Jul 182016

The trajectory of O. J. Simpson’s life eventually touched on almost every aspect American society, revealing a toxic nexus of wealth, celebrity, race, privilege, and violence.

O. J. Simpson in the  powerful ESPN documentary "O.J. Simpson: Made in America."

O. J. Simpson in the powerful ESPN documentary “O.J. Simpson: Made in America.”

By Matt Hanson

After watching all seven and a half absorbing hours of Ezra Edelman’s ESPN documentary O.J.: Made In America, now streaming online, it’s not surprising that Simpson’s rise and fall continues to resonate today. The trajectory of his life eventually touched on almost every aspect of American society, revealing a toxic nexus of wealth, celebrity, race, privilege and violence. At times, the trial became a postmodern version of Othello.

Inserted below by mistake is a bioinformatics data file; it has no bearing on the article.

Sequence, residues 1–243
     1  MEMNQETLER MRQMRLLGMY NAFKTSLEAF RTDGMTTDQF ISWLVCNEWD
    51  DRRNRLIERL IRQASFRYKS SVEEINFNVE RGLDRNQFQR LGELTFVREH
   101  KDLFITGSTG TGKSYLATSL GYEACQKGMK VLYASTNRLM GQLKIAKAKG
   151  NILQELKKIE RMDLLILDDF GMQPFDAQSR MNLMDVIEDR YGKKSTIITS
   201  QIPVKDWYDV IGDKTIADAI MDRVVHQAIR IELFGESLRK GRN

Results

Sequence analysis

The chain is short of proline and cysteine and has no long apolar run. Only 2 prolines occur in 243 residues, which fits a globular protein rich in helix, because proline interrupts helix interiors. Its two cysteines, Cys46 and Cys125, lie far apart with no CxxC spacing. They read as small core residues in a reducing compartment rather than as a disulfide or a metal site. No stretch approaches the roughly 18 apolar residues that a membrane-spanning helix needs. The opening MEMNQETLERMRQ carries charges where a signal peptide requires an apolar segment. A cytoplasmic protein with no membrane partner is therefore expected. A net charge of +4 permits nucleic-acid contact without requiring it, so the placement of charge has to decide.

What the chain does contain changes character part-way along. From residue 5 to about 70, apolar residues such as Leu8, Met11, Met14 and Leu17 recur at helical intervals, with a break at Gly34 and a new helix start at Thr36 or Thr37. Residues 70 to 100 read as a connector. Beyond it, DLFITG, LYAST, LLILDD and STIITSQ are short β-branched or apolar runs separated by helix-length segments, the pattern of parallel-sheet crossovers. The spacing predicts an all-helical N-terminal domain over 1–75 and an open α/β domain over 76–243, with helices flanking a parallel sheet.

We are taken through Simpson’s rough childhood in the San Francisco projects and his incredible athletic ability as a star running back at USC. Simpson won the prestigious Heisman Trophy and the adoration of his predominantly white, middle-class peers, who fawned over his athletic prowess on the field almost as much as his affability, which was especially appealing given the era’s racial unrest.

There’s a powerful moment when one of Simpson’s radicalized childhood friends recalls asking him why virtually all of his friends were white, and why he has avoided any gestures of racial solidarity. Simpson’s response: “I’m not black, I’m O.J.” The remark is distressingly glib, not to mention insulting. It also suggests Simpson’s growing awareness of America’s double standard regarding the rich and famous: at a certain  level, identity is up for sale. Most of us have to accept the roles they inherit at birth. Self-creation is possible, provided you have enough social capital to buy it.